They, of course, gain a lot of money doing this since most people never notice or when they do, it is at such a later time that they think they just wore out the card/stick.

So, the rational strategy is to not purchase these things of the net, especially ebay. You can buy other things that don't matter if they are fake or not (cheap plastic cases for the pi or whatever) from the Chinese off of ebay, but don't buy flash. Buy USB sticks and sd cards from a local vendor of reputation.

See:

http://www.ebay.com/gds/All-About-Fake- ... 258/g.html

http://www.ebay.com/gds/BEWARE-of-FAKE- ... 438/g.html

http://www.instructables.com/id/Dont-fa ... Drive-Scam!/

https://fightflashfraud.wordpress.com/page/2/

http://www.myce.com/news/fake-and-count ... zon-72165/

Conjur
Posts: 17
Joined: Wed Apr 06, 2016 8:55 pm

Re: filesystem write files - after reboot the old data is ba

Tue Apr 12, 2016 9:46 pm

Simple Solution:

create a small partition (like 1mb) on the sd card (say... /dev/sda4), and mkfs.ext4 /dev/sda4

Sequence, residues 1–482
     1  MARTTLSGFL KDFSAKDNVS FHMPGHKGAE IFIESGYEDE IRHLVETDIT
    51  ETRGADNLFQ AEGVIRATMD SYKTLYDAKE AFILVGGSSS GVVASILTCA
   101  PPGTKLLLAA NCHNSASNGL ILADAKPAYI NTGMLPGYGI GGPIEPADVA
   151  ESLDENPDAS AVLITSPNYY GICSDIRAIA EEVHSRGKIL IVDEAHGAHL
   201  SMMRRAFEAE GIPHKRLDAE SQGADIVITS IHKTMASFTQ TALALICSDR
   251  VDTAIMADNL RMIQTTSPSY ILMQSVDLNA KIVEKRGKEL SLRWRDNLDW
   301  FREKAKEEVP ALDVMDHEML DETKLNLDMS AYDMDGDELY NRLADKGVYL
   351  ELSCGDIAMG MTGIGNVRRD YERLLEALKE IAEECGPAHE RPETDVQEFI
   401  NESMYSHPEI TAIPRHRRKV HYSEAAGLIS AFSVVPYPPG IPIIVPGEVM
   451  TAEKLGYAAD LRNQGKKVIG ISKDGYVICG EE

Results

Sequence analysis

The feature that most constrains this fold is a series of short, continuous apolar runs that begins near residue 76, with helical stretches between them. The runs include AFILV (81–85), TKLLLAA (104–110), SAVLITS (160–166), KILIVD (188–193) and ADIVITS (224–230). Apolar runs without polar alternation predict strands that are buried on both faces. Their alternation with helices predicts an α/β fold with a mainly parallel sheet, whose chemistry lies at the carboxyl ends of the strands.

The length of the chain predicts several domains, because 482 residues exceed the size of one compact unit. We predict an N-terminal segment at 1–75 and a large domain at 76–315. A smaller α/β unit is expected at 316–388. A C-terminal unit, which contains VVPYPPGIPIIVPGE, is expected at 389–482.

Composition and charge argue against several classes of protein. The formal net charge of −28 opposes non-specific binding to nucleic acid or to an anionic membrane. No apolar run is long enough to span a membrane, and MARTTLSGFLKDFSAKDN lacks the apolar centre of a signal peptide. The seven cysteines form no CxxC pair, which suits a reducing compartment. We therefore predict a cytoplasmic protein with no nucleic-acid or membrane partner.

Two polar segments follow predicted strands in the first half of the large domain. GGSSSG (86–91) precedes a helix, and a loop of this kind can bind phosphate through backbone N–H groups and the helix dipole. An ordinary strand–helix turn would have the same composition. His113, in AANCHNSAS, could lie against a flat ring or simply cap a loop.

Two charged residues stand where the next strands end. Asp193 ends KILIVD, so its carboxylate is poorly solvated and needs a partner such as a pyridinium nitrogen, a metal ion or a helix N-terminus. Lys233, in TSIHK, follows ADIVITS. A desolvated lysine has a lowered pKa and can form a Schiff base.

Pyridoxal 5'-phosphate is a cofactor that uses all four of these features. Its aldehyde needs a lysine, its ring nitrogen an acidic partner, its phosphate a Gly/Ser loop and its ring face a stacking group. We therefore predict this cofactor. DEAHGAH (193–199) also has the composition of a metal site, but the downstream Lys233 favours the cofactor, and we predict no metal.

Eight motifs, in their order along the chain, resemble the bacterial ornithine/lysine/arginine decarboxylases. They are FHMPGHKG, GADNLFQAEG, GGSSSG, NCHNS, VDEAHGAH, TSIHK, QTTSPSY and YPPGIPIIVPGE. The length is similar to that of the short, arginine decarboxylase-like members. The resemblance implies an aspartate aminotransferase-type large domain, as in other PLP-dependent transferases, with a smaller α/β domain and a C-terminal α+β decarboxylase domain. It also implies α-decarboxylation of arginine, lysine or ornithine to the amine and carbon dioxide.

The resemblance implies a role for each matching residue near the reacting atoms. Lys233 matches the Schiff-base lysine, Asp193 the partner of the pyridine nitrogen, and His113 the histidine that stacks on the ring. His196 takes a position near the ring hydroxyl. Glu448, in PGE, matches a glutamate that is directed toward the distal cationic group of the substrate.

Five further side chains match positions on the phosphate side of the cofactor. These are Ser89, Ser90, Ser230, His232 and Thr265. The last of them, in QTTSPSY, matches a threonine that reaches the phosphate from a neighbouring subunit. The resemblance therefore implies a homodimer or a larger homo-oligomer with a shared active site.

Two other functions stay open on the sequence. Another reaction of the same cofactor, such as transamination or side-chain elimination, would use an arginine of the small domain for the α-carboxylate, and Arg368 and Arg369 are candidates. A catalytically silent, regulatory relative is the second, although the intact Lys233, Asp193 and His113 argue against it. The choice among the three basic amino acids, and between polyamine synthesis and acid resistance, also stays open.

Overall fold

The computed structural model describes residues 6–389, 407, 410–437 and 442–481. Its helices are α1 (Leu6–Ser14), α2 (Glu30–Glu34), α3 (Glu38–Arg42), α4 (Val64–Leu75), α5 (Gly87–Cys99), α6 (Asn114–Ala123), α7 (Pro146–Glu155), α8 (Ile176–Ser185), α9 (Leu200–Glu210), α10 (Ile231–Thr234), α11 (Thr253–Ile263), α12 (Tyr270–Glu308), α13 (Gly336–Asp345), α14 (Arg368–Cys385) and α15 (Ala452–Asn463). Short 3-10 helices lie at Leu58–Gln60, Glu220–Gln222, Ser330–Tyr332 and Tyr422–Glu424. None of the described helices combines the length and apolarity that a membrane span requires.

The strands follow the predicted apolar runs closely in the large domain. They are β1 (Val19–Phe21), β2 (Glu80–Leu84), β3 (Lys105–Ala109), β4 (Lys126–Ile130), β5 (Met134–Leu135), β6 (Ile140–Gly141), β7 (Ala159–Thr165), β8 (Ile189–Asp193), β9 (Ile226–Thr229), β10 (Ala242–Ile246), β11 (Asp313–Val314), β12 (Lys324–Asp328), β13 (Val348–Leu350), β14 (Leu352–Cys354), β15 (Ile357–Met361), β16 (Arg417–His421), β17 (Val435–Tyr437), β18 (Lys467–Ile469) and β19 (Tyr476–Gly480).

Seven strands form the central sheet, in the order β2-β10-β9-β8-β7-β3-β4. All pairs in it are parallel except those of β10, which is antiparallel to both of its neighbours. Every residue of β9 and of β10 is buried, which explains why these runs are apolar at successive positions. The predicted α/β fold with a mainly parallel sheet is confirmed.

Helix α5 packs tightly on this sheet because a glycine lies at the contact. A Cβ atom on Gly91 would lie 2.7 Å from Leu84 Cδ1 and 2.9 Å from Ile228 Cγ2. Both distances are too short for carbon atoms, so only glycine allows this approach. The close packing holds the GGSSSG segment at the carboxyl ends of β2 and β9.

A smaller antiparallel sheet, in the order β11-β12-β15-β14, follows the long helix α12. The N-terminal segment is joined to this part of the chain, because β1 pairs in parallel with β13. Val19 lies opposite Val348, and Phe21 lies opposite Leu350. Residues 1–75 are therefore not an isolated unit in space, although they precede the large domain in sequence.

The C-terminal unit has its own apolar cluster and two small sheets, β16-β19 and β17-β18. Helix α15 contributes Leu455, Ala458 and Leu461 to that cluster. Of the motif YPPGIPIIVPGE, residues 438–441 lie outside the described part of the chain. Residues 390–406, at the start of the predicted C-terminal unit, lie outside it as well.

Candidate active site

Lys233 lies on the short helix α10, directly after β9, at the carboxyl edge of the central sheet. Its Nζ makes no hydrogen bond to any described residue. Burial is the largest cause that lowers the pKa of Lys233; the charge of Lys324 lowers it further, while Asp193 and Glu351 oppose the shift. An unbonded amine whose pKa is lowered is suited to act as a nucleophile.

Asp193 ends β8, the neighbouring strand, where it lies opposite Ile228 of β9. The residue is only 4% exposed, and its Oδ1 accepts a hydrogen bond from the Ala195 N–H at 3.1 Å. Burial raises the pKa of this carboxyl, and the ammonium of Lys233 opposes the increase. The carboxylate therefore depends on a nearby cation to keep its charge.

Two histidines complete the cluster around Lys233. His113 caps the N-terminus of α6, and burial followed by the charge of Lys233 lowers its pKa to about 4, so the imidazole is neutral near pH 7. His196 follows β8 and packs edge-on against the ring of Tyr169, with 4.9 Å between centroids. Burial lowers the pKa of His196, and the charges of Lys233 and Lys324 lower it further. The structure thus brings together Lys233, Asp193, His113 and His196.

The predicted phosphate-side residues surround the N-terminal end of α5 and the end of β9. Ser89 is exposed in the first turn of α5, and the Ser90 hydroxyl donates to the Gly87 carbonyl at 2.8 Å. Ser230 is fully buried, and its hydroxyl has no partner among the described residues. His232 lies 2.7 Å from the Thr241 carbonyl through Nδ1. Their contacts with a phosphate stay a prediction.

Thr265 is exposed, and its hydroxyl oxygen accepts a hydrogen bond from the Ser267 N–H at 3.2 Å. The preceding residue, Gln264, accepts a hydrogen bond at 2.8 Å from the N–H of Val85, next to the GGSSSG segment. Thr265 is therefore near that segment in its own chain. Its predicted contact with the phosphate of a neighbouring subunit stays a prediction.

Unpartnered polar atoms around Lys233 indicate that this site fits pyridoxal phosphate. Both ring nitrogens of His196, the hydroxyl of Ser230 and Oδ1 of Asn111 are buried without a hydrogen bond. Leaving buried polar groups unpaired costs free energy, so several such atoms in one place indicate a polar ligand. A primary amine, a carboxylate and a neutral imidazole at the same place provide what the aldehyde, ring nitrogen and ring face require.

I have not confirmed this script, so it may have stupid errors, but in theory; if the SD card is not retaining data, it will NOT retain data through umounting and mounting. If the data is successfully written to the disk, this should yield the same number. if not, it will error out about reading /tmp/foo.$WINNER/poo; saying that the file does not exist.

Keep in mind, that running this too frequently will fudge the sectors of the SD Card that the test partition is on; so stick to a maximum of hourly or so. (assuming that the SD card does not have proper wear-leveling firmware, which most do not)

Test this on your "known-bad" system

#!/bin/sh
WINNER=$RANDOM

mkdir /tmp/foo.$WINNER
mount /dev/sda4 /tmp/foo.$WINNER
echo -n $WINNER >/tmp/foo.$WINNER/poo
umount /tmp/foo.$WINNER
sync
mount /dev/sda4 /tmp/foo.$WINNER
READWINNER=$(cat /tmp/foo.$WINNER/poo)
umount /tmp/foo.$WINNER
rm -rf /tmp/foo.$WINNER

echo "Wrote $WINNER to file"
echo "Read $READWINNER back, after re-mounting"

User avatar
jojopi
Posts: 3088
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Re: filesystem write files - after reboot the old data is ba

Tue Apr 12, 2016 10:32 pm

Conjur wrote:in theory; if the SD card is not retaining data, it will NOT retain data through umounting and mounting.
If the data are only being retained in the kernel's buffer cache and not on the card, just dropping the caches should be sufficient to make recent changes disappear.

Code: Select all

touch TESTFILE
stat TESTFILE
sync
echo 3 |sudo tee /proc/sys/vm/drop_caches
stat TESTFILE